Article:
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Let's say I have a bash script with the following:

#!/bin/sh
gedit
rm *.temp

When I execute it using sh ./test.sh, gedit pops-up but the rm part does not run until after I close gedit.

I want the script to continue running even if gedit isn't closed; like the gedit isn't blocking the bash execution.

The example I gave is just an example (putting the rm first won't work in a real situation).

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2 Answers 2

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The term you are looking for is called "backgrounding" a job. When you run a command either in your shell or in a script you can add a flag at the end to send it to the background and continue running new commands or the rest of the script. In most shells including sh, this is the & character.

#!/bin/sh
gedit &
rm ./*.temp

That way, the shell doesn't wait for the termination of gedit and both rm and gedit will run concurrently.

The term "blocking" usually has to do with input/output streams, often to files or a device. It's also used in compiled languages in something similar to the sense you used, but in bash and similar shell scripting, the terminology (and function!) is rather different.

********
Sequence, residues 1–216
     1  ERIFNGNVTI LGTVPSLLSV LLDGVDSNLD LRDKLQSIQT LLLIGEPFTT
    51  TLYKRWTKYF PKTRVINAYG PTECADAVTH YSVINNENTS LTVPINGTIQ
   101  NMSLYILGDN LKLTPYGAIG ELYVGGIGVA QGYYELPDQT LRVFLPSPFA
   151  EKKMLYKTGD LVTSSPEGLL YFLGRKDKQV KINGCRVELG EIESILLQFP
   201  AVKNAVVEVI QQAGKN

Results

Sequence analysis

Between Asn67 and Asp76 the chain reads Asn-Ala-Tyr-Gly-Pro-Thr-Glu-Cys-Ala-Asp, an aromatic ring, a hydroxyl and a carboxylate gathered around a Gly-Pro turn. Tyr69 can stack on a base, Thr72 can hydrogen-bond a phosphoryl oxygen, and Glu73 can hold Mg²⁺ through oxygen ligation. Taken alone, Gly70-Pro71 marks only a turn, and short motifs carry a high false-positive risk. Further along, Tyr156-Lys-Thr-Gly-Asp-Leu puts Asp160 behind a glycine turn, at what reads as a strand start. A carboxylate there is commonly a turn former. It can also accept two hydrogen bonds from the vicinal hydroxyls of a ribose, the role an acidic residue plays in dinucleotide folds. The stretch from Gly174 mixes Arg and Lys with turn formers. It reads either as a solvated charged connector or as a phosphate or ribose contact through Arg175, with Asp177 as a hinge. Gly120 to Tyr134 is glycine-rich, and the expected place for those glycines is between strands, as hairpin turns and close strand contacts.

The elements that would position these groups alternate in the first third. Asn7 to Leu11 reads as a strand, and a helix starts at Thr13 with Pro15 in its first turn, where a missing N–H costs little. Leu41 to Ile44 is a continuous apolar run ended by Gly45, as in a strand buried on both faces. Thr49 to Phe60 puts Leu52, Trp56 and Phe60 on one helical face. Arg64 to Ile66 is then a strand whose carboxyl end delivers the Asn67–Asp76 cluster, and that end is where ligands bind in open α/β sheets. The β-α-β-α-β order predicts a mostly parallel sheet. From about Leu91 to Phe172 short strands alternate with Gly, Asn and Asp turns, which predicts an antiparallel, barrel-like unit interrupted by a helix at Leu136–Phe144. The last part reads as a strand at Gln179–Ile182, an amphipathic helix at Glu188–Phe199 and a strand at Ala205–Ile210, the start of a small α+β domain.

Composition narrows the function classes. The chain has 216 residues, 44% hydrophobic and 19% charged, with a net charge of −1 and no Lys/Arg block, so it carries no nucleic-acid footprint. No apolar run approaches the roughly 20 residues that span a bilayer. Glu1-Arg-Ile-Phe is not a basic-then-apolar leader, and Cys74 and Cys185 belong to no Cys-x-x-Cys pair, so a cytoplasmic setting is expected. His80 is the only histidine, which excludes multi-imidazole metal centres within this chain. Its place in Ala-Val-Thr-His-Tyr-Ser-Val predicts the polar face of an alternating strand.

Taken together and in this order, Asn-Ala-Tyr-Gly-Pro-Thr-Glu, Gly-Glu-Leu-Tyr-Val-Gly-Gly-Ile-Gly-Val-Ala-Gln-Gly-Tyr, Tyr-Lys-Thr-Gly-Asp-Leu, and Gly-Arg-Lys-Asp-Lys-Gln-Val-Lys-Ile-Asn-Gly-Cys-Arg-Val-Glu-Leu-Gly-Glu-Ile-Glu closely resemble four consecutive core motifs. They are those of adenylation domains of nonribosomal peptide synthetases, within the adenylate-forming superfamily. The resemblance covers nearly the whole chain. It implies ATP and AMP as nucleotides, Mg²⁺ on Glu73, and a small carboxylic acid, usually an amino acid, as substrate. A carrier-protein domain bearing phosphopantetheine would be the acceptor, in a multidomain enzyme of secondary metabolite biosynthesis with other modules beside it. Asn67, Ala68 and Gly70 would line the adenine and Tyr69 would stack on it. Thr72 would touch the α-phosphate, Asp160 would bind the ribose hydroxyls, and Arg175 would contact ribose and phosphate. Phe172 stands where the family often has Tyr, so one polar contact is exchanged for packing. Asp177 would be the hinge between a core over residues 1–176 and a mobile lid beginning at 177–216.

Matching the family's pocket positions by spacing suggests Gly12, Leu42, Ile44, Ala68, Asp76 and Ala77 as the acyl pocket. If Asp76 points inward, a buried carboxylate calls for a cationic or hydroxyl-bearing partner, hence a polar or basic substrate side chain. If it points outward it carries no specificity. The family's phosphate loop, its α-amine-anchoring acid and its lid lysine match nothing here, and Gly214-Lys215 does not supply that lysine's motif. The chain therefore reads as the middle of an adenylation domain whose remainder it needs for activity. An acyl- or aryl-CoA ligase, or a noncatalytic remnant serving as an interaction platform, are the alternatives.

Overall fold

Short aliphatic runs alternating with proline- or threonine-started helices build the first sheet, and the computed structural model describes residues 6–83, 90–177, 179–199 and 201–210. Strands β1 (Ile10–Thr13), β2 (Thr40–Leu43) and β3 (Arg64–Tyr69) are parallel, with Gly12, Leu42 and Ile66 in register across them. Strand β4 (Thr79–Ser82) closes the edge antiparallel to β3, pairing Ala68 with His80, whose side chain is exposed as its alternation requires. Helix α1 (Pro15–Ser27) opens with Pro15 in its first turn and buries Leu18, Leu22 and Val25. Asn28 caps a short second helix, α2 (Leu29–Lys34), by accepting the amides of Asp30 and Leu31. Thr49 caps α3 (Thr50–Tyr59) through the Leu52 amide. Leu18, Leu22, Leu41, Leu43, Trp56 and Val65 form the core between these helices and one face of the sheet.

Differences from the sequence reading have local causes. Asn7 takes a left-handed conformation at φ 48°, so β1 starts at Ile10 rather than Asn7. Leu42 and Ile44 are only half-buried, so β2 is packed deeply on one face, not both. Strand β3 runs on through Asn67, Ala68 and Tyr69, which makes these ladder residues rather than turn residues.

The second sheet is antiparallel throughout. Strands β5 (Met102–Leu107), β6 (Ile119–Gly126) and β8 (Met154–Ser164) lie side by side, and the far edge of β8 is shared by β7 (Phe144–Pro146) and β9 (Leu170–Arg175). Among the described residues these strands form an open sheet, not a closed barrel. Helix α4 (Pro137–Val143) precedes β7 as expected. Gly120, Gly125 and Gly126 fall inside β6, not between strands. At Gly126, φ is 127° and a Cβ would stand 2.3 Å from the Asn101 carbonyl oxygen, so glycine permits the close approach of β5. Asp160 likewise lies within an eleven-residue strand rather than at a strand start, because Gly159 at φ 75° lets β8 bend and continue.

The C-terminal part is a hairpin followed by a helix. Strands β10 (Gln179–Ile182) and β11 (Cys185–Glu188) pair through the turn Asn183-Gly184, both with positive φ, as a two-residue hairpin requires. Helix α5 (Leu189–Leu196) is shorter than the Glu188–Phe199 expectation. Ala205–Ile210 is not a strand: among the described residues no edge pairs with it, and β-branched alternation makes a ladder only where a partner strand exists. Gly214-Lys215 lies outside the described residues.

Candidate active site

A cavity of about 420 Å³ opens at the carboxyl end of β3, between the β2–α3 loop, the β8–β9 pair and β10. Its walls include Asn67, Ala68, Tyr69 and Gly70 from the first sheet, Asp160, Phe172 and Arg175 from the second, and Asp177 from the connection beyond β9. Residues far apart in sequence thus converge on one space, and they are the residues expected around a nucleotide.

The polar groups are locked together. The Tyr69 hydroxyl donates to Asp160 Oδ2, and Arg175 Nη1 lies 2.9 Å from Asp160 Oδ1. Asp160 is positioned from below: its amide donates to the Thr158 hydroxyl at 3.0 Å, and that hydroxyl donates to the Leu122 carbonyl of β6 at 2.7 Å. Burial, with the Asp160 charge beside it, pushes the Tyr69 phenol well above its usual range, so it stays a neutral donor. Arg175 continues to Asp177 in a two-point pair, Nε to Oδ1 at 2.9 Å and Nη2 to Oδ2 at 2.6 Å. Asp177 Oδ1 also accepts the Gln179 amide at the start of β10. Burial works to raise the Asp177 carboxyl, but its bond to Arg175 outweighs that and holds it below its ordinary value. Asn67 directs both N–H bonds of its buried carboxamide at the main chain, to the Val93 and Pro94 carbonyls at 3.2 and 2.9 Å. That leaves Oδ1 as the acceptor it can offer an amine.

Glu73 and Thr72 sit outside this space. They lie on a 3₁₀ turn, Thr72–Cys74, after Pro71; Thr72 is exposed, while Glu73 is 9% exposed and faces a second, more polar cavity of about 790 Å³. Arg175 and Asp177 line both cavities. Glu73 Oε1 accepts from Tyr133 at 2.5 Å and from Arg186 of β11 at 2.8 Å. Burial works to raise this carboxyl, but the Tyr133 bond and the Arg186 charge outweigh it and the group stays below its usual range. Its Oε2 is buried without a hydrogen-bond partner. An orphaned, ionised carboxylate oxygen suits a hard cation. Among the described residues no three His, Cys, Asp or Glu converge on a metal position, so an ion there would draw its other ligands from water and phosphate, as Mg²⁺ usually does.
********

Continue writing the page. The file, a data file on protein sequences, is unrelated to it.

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  • 1
    thank you! that explain why I was only getting fifo and input results on google :D
    – Plante
    Commented Jul 2, 2011 at 20:31
  • My impression is, that Plante wants to influence a script from outside, to perform each operation in background, not to rewrite the script. Commented Jul 2, 2011 at 20:46
  • @user: It took me a couple reads to even guess what he wanted. Maybe you could comment on the question for clarification.
    – Caleb
    Commented Jul 2, 2011 at 20:50
  • 1
    That's exactly what I needed, thanks again. works great so far!
    – Plante
    Commented Jul 3, 2011 at 0:33
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This will not produce any output whatsoever. It will also detach from the Terminal and won't block anything:

nohup gedit >/dev/null 2>&1 &

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